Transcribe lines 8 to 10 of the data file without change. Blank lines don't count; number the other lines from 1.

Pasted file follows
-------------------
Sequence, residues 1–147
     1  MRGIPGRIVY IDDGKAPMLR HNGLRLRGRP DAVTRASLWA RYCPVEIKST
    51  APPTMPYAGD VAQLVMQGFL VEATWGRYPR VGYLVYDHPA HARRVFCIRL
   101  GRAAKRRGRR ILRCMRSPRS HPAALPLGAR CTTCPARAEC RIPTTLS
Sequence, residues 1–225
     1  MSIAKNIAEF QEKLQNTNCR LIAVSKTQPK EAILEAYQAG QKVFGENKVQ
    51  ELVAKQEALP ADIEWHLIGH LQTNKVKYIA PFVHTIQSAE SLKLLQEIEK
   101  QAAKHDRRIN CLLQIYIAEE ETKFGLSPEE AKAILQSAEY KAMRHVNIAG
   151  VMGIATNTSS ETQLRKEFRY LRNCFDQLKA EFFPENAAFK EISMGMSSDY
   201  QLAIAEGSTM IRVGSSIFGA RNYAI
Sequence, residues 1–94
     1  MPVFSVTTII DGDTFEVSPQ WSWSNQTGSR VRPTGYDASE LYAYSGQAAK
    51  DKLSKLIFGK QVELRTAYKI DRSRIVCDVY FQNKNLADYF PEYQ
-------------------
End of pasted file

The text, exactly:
   101  QAAKHDRRIN CLLQIYIAEE ETKFGLSPEE AKAILQSAEY KAMRHVNIAG
   151  VMGIATNTSS ETQLRKEFRY LRNCFDQLKA EFFPENAAFK EISMGMSSDY
   201  QLAIAEGSTM IRVGSSIFGA RNYAI